Getting creative online

This is written mainly in response to this blog post by a colleague Emily Dowdeswell, so maybe have a read of that first

I also had a conversation with colleagues at Durham about the teaching of dance online. That the dance elements were alternated with the in-person elements. This resonated with me as one of the first workshops I supported as a learning designer was a dance workshop held by an academic in Canada, with performing arts students in Warwick.

The creative arts must be some of the most difficult to translate to an online environment, and yet so much of art is done in solitude. Yet it’s tactile and can be collaborative. Knowing people who are doing arts degrees in the time of lockdown has brought that to mind a lot recently too.

So what are the issues these things raise?

Online sessions can become dull and repetitive. Something more creative and expressive is needed for everyone. Being more tactile and allowing movement can make a difference. I would resist the notion that there are “kinaesthetic learners” specifically, but I have noticed that some people are particularly locked into their physical bodies than others. Working with virtual worlds, I’ve seen the people who are most upset by relating virtually are those with a specialism for example in sports and sculpture. “I don’t want to be sitting in front of a screen I want to be out on my bike” “I can’t make something with my hands, I don’t get it”, were some quotes (I’m paraphrasing ) that came out in my doctoral research. Which is why they struggled particularly with my sessions in Second Life because full engagement in a virtual space requires the ability to be disconnected from the physical body and fully embodied in the extended body on the screen. A recent post from Dave White states how this body can be something as minor as an image, as long as there is a spatial component to where it is located on the screen. I’ve seen learner interactions transformed online by the simple act of sharing a space with their selves represented by just a cursor. As long as they can gesture within that space and affect the space, and have those changes perceived by others, they have an online body and then communicate more effectively. But roughly only 25% become fully immersed in this way, 50% it’s a mixture of feeling located in their extended body and in their physical body, and 25% never experience that online embodiment. There may be some neurological evidence to back this up.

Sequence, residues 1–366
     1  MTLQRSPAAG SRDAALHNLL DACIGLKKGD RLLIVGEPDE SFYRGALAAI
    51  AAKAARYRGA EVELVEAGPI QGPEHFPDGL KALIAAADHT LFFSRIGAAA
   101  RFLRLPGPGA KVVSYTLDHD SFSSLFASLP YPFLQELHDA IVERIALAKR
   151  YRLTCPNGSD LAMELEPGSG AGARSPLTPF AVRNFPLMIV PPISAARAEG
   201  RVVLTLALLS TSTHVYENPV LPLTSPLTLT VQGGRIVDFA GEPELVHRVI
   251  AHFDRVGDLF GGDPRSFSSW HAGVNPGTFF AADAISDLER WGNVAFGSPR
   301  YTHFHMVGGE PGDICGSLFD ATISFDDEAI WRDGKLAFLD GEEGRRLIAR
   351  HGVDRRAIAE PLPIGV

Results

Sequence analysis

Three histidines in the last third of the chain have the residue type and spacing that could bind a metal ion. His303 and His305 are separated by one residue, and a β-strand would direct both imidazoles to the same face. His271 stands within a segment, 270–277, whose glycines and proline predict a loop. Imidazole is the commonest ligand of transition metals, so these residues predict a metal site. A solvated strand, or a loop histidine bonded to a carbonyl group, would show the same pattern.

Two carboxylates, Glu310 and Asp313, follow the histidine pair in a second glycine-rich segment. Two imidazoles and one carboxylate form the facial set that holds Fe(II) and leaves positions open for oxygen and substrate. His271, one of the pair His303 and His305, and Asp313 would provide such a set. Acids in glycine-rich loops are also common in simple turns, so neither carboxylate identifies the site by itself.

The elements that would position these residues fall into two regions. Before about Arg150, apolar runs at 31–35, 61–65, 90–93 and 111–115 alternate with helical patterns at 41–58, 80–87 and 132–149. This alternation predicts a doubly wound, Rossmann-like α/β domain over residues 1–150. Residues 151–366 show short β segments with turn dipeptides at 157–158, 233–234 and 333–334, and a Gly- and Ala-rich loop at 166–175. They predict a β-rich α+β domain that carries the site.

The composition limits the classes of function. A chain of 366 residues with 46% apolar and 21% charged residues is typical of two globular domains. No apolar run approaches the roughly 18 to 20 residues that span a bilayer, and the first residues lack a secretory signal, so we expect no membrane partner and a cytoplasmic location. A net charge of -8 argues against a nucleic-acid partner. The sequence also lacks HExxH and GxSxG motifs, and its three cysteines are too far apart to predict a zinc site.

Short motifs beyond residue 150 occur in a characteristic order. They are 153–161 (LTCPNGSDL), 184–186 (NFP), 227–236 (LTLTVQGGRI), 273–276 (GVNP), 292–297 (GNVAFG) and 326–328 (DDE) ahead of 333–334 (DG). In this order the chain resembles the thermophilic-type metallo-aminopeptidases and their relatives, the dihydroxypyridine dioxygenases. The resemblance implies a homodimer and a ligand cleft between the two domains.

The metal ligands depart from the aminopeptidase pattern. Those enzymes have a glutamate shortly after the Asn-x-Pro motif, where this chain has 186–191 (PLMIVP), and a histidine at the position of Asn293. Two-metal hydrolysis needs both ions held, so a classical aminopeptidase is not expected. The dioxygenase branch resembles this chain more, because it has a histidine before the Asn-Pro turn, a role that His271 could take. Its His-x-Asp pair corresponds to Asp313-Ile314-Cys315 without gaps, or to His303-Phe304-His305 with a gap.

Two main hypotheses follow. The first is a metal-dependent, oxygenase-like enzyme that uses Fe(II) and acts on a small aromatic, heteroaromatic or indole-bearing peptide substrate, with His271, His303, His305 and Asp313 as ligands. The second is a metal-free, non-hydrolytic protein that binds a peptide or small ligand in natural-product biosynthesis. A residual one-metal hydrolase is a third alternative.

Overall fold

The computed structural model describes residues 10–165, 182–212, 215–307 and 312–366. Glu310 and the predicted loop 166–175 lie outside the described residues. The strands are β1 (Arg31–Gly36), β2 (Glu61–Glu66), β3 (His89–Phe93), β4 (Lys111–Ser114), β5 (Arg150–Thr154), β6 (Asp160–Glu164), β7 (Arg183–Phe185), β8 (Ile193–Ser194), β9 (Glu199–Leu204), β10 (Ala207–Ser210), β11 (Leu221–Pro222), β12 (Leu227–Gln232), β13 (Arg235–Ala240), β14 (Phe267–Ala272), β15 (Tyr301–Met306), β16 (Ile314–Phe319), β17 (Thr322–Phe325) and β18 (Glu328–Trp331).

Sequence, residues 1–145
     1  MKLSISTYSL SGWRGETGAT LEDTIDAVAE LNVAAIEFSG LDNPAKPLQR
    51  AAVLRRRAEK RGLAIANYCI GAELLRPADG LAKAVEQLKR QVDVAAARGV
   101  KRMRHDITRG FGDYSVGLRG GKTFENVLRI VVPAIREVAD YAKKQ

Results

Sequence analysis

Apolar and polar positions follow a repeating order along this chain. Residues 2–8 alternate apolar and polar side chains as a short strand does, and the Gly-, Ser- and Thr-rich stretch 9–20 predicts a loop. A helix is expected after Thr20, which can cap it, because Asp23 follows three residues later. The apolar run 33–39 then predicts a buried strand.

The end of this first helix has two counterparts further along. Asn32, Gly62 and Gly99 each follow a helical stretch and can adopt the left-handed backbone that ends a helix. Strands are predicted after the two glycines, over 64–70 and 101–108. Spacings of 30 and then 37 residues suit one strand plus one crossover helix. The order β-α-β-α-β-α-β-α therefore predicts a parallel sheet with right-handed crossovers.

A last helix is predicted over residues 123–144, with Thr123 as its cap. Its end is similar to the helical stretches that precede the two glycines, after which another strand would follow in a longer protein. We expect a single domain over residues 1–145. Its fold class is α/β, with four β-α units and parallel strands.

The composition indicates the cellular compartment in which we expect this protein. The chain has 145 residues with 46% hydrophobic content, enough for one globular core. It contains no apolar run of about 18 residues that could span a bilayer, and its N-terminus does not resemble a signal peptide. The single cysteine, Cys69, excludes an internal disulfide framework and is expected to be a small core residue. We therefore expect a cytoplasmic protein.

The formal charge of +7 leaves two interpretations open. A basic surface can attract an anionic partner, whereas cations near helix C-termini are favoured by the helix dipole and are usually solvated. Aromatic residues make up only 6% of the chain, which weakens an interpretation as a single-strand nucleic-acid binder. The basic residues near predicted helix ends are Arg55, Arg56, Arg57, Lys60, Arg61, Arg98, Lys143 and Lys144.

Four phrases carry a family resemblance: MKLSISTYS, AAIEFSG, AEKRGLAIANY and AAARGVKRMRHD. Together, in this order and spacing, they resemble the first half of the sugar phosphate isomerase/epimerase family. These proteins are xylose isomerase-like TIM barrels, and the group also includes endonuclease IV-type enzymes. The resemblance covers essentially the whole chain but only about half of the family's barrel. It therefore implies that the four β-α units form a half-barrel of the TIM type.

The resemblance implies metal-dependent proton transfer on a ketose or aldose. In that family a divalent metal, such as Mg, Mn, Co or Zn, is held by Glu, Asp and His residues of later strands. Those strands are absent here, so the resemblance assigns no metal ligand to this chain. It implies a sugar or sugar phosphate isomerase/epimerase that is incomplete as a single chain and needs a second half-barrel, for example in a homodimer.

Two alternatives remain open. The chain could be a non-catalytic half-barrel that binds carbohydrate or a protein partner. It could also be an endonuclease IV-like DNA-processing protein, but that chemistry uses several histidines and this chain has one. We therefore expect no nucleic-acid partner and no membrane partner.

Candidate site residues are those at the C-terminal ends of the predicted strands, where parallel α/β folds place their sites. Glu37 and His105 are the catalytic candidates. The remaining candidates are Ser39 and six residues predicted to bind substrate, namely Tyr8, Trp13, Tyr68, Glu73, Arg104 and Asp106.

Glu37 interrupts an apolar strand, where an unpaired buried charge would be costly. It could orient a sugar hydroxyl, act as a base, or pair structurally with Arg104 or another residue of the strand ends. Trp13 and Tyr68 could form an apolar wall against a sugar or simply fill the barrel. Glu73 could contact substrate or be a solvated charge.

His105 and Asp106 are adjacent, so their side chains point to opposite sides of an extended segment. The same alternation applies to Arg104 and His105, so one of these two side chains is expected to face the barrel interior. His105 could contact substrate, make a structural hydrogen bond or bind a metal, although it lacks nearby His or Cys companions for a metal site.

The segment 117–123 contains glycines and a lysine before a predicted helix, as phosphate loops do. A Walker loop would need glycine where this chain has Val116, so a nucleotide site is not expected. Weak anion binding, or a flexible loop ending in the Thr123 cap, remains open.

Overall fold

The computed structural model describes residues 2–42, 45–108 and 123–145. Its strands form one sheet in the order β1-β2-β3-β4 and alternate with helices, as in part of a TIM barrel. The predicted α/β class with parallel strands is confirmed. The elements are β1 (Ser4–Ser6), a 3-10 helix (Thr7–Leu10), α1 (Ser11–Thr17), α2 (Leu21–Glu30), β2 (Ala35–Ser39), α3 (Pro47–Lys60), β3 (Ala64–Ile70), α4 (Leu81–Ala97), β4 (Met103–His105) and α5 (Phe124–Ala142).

But despite this, there are no specific kinaesthetic learners, we are all kinaesthetic learners at some points, in the same way that we move in and out of learning most effectively between visually, textually, aurally constantly (ie why learning styles are complete arse). Sometimes holding something, drawing it, so-called visceral writing (ie writing with a pen) can help us learn from a different perspective. Unlock something creative.

Also, movement helps everyone. In IET’s 2020 Innovating Pedagogy report there’s a chapter on Spaced Learning. People learn better if they break up their studies with some exercise every 20 mins. If I’ve got deeply engrossed in something (it happens sometimes) when I start moving again afterwards, everything has seized up. That’s not healthy. We need to stop trapping people in front of a laptop for hours at a time.

So the idea of mixing the offline and the online, breaking up the zoom, or whatever, session is vital.